A YOUNG fox cub was injured after getting trapped in an old discarded football net at the back of a garden in York.

RSPCA animal collection officer Leanne Honess-Heather was called to the scene, in Rawcliffe Lane, Clifton, by a man who spotted the stricken and distressed animal on Sunday morning.

She said: "The man had managed to untangle the poor cub but he still had some loose bits of net wrapped around his neck and his paw, which was injured.

"The man had managed to free the little fox and confined him until I could get there. When I arrived, I could tell the cub was understandably quite frightened and distressed. He had swelling to the lower leg where the netting had dug in as he struggled.

"I knew he would need treatment so I took him to a local wildlife vet in Stamford Bridge."

The fox cub was x-rayed to check for any breaks, and luckily there were none. He was treated for the swelling and taken to a local wildlife rehabilitator overnight. The following day he was alert, eating well and bearing weight on his leg.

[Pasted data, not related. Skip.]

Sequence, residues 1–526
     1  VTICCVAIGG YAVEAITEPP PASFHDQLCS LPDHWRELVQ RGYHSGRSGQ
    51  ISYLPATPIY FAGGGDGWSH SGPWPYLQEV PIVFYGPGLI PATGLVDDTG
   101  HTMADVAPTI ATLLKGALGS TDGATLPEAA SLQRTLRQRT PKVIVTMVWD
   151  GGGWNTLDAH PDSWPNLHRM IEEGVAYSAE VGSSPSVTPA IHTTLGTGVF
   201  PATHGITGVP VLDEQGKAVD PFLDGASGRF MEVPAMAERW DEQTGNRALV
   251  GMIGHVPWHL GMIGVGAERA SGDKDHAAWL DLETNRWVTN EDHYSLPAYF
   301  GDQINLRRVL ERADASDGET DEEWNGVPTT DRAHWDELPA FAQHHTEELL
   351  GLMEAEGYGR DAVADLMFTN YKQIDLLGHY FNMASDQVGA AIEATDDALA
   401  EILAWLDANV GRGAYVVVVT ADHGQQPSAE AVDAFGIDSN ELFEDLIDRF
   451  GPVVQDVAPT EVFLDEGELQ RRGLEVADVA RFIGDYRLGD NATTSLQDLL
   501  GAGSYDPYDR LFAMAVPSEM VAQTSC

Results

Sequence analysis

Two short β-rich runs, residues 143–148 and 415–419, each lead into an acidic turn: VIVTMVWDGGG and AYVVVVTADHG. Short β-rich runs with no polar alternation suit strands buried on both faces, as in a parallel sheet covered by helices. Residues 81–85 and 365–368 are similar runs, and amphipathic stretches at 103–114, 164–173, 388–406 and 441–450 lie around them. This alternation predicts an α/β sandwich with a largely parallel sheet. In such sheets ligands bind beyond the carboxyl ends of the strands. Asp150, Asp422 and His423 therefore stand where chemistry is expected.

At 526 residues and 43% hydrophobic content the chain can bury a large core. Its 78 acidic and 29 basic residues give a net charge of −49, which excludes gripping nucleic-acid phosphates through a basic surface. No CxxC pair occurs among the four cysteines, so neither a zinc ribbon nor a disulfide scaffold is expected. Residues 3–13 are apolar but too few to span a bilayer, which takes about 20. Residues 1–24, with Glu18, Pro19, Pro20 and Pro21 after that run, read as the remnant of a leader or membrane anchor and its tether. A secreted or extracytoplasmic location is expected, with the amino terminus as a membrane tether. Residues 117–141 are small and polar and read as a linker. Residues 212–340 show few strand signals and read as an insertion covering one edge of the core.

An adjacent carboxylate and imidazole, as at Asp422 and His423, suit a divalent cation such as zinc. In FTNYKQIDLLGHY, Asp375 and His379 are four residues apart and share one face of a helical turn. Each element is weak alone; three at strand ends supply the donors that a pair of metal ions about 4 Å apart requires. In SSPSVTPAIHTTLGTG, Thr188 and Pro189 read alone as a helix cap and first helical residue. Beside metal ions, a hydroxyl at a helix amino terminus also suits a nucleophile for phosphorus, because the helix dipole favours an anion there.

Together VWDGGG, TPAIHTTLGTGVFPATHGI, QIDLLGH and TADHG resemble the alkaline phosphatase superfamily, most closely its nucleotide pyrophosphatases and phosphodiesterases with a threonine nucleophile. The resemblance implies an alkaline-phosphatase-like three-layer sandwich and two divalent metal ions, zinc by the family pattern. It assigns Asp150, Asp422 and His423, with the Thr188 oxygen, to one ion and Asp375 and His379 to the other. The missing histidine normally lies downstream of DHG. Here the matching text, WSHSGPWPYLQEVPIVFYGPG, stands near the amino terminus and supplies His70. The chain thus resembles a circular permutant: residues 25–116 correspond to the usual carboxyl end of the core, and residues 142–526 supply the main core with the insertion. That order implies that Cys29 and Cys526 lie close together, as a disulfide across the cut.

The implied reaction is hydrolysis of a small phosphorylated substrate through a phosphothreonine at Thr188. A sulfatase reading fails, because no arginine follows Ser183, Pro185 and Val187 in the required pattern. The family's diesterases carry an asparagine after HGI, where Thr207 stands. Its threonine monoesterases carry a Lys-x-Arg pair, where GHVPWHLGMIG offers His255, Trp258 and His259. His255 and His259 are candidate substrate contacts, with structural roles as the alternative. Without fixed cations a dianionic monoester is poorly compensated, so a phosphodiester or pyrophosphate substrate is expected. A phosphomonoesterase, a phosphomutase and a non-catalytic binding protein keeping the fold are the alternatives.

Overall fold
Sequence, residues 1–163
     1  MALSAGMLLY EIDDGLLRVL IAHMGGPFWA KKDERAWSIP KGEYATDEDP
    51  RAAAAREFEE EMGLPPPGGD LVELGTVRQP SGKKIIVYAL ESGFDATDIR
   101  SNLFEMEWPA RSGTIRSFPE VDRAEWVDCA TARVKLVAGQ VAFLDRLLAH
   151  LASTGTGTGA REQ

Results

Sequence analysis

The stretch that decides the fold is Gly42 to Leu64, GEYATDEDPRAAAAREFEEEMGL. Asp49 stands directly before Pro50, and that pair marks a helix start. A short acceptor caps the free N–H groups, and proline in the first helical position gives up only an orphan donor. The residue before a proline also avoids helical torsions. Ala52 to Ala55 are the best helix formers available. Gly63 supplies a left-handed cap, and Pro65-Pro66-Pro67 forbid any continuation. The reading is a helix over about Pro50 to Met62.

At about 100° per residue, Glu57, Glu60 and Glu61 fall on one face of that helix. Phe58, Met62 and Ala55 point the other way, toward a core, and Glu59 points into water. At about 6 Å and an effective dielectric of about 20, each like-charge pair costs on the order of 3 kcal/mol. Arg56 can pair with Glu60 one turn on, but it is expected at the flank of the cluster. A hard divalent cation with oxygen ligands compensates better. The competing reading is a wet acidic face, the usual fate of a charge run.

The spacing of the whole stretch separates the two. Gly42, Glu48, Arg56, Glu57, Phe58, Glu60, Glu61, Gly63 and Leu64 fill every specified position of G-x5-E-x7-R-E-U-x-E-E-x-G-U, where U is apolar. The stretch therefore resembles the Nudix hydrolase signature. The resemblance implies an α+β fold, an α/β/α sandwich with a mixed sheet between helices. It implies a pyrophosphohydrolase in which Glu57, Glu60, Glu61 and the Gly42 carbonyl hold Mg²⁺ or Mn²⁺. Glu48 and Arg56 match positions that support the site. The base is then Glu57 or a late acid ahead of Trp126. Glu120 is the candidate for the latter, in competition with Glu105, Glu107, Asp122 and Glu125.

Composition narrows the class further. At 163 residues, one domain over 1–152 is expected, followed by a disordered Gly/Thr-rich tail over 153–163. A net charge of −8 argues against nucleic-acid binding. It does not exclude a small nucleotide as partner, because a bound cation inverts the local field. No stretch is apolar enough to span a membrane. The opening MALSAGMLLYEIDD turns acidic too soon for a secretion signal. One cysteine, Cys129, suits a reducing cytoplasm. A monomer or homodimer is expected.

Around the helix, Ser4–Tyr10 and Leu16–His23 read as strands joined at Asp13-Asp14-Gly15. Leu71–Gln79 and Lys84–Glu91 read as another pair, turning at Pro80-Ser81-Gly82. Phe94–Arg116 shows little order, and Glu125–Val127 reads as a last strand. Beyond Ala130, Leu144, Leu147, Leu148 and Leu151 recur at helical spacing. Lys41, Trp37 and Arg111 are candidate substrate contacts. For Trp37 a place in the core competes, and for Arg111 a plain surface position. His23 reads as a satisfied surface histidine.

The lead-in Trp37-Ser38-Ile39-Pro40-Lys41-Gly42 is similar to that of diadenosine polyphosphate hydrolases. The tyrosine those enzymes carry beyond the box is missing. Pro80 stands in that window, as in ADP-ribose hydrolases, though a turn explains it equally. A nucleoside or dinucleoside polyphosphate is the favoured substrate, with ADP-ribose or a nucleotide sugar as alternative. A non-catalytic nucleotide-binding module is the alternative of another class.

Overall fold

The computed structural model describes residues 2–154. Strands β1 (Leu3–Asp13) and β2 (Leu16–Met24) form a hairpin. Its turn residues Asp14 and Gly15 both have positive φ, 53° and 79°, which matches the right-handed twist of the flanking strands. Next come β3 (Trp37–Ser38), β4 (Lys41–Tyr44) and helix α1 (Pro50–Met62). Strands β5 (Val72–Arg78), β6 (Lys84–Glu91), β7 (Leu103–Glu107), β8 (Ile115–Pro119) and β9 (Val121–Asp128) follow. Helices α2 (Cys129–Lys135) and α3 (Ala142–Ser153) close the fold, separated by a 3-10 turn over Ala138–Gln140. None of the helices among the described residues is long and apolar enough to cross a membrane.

"Thankfully, the cub continued to improve so I was able to release him back into the area where he was found so he could be reunited with his family," Leanne added.

"I’d like to thank the gentleman who found the fox as he undoubtedly saved his life."

Following this incident, the RSPCA has urged homeowners, schools, recreation grounds and sports clubs to pack netting away at the end of games to stop wild animals and birds getting tangled and injured.

Leanne said: "Any type of netting poses a dangerous hazard to our wildlife and to pets, like cats, from sports nets to garden and pond netting.

"This little fox was lucky, he could easily have suffered fatal injuries or, if not spotted, died a slow and painful death tangled in the net.

"That’s why it’s so important that netting isn’t left unattended. Sport nets like football goals are often set up and left unattended in gardens and parks with many people not realising they can be death traps for wildlife."

If you spot a trapped animal you can call the RSPCA national cruelty and advice line on 0300 1234 999.